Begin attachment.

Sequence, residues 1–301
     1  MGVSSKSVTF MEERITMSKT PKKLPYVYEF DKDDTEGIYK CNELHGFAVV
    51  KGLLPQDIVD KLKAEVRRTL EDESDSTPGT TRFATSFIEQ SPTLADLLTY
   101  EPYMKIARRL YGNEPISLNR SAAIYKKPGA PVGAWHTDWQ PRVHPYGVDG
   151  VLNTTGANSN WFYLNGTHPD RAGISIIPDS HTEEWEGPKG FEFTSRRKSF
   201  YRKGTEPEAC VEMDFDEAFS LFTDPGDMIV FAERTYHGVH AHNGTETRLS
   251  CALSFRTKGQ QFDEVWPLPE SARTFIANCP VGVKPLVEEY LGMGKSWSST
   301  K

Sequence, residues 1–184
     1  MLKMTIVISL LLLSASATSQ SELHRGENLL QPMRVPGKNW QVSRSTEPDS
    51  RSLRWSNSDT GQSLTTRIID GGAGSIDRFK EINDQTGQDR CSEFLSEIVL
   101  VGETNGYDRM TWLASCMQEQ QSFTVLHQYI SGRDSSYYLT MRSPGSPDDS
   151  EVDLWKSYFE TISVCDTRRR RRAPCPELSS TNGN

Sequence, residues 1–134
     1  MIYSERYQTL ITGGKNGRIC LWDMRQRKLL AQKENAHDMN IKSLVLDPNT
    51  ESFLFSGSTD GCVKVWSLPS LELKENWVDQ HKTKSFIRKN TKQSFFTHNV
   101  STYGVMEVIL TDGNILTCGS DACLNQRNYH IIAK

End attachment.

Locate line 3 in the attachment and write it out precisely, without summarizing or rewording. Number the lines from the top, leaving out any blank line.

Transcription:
    51  KGLLPQDIVD KLKAEVRRTL EDESDSTPGT TRFATSFIEQ SPTLADLLTY